Leah Campbell is a writer and editor living in Anchorage, Alaska. She’s a single mother by choice after a serendipitous series of events led to the adoption of her daughter. Leah is also the author of the book “Single Infertile Female” and has written extensively on the topics of infertility, adoption, and parenting. You can connect with Leah via Facebook, her website, and Twitter.

Erika Nicole Kendall—or Evil Fitness Barbie, as she calls herself—went from a self-proclaimed couch potato to a NASM-certified trainer who specializes in weight loss, women's fitness, and nutrition. The “Emotional Eating” subsection of her blog, A Black Girl’s Guide To Weight Loss, is worth checking out for its unfiltered look at postpartum depression and self-care.
Gastrointestinal disorders are another common cause of unexplained weight loss – in fact they are the most common non-cancerous cause of idiopathic weight loss.[citation needed] Possible gastrointestinal etiologies of unexplained weight loss include: celiac disease, peptic ulcer disease, inflammatory bowel disease (crohn's disease and ulcerative colitis), pancreatitis, gastritis, diarrhea and many other GI conditions.

"When going out for fast food, I used to get the large-size value meal. Now, I satisfy a craving by ordering just one item: a small order of fries or a six-piece box of chicken nuggets. So far, I've shaved off 16 pounds in seven weeks, and I'm on track to being thinner than my high school self for my 10-year reunion later this year." —Miranda Jarrell, Birmingham, AL

Not in an extreme, Atkins sort of way, but having a little protein at every meal fires up your metabolism. "Your digestive system uses more energy to break it down, so you burn more calories," explains Lisa Dorfman, R.D. However, keep protein levels to between 20 and 35 percent of your diet; eating too much of it can cause kidney strain and may cause your body to store too much fat.


Your New Year's resolution diet should be based on a well-balanced eating plan that fits your lifestyle, rather than a weird fad replete with food restrictions. That's according to U.S. News & World Report's best diet rankings for 2018. The two diets that tied for the top spot -- the Mediterranean Diet and the DASH Diet -- fit that bill because they feature real food and reasonable, flexible guidelines, experts said.
About: Kristina is a plus-size model with a mission: help women learn to love their bodies while working to exercise, eat right and live healthfully. But most importantly, Kristina’s blog is about exploring body confidence and “healthy curves.” Her blog is the perfect balance of encouraging healthy living and loving yourself at the same time. Plus, Kristina’s great about taking it outside herself. Every month, she features the “Curvy Girl of the Month” where she profiles other successful women.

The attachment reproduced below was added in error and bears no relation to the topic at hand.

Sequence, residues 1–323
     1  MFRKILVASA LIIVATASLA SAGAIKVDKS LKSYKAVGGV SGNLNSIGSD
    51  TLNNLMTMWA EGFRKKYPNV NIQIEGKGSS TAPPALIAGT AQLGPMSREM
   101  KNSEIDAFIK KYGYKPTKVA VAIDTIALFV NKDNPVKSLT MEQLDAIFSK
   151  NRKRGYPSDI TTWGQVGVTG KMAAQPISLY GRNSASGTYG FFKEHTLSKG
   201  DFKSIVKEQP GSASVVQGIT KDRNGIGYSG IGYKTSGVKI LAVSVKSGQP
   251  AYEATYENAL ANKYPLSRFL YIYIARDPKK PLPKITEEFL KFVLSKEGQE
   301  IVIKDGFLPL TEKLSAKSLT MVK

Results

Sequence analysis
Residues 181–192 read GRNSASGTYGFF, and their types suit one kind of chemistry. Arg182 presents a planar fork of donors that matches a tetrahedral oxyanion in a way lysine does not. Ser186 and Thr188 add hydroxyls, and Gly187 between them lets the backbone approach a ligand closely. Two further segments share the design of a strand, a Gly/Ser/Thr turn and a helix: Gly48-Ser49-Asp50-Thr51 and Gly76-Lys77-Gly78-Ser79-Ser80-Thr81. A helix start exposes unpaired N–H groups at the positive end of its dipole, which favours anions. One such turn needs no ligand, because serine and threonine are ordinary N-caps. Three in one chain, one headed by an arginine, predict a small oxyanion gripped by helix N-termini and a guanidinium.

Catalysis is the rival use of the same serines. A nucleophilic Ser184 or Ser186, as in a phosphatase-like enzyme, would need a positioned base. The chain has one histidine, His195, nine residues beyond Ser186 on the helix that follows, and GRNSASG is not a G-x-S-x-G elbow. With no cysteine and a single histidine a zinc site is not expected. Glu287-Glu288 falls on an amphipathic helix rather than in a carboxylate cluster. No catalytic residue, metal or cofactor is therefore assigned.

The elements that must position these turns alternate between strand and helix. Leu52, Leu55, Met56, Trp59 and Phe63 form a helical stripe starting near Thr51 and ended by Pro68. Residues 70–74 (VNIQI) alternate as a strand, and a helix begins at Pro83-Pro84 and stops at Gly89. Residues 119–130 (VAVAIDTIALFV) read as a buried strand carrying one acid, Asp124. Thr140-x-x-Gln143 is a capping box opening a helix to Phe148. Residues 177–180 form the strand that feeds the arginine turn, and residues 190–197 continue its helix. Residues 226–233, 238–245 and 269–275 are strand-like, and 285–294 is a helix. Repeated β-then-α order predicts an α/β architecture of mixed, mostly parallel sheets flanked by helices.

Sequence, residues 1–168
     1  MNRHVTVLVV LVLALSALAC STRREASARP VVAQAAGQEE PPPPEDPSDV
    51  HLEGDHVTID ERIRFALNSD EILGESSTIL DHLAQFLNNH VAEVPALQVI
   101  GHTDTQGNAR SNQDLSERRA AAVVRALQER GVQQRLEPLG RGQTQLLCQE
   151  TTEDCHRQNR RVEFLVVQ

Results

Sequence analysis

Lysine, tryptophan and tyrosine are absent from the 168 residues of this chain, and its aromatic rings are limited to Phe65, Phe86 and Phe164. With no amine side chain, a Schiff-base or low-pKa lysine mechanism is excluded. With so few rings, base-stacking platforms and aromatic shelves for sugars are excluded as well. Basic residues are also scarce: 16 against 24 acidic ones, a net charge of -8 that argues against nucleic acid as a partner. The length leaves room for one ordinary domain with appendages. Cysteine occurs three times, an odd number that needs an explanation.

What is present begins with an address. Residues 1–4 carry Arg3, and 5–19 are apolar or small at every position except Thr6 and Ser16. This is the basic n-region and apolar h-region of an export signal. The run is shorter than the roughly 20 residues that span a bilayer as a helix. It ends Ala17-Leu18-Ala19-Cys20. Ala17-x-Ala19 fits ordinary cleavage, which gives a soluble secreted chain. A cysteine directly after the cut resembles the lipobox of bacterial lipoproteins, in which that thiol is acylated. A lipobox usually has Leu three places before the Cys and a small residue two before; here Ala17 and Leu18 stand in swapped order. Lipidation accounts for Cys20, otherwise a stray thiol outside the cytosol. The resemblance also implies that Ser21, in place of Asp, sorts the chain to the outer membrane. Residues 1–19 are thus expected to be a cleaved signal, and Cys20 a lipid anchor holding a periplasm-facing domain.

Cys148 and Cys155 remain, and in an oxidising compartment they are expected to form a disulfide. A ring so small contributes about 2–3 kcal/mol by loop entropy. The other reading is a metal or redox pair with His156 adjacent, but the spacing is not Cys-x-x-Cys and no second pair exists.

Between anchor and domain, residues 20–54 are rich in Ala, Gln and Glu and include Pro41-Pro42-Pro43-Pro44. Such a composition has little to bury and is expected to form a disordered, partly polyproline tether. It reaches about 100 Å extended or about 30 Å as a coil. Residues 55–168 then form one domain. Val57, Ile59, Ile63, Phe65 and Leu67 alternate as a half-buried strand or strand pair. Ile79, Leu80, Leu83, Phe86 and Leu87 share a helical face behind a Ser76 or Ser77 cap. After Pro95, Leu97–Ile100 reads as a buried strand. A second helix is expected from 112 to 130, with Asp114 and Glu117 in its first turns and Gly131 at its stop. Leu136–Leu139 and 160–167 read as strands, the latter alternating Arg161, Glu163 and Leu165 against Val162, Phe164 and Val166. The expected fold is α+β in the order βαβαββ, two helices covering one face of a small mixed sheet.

Some popular beliefs attached to weight loss have been shown to either have less effect on weight loss as commonly believed or are actively unhealthy. According to Harvard Health, the idea of metabolism being the "key to weight" is "part truth and part myth" as while metabolism does affect weight loss, external forces such as diet and exercise have an equal effect.[44] They also commented that the idea of changing one's rate of metabolism is under debate.[44] Diet plans in fitness magazines are also often believed to be effective, but may actually be harmful by limiting the daily intake of important calories and nutrients which can be detrimental depending on the person and are even capable of driving individuals away from weight loss.[45]

Strength Training is very important part of your workouts.  Try for 15 – 30 minutes of strength training.  Don’t be afraid of strength training.  You burn more calories all together.  You’ll tone your muscles and you get stronger.  I like that my arms are strong, that way I can carry more bags at the mall.  🙂  I like to do circuit training which is full body workouts. I only do them 3 times a week, every other day.  Never do strength training on back to back days, unless you work one muscle group at a time. Such as Monday Upper Body, Tuesday Lower Body, Wednesday Core, Thursday Upper Body, Friday Lower Body, you get the picture.


You start to link up the cost of points with the cost of certain foods on your body, without any item every becoming taboo or strictly off-limits. Our tester found the point system both easy-to-use and eye-opening. “I can’t believe how many ‘healthy’ or at least innocuous foods are actually bad for you,” she remarked, noting how diet staples like granola bars took a big bite out of her daily allotment of points.

Nicole Morrissey is a registered dietitian who works specifically with diabetes and weight management. What sets her apart from many other dietitians is that she’s struggled with her own weight since a young age. She was 14 when she went to her first Weight Watchers meeting, and the years that followed brought many ups and downs. Today, she accepts that she “may forever be a work in progress,” so she focuses on balance. That means healthy, good-for-her foods, and doing the active things she loves, like running and hockey. Visit the blog.
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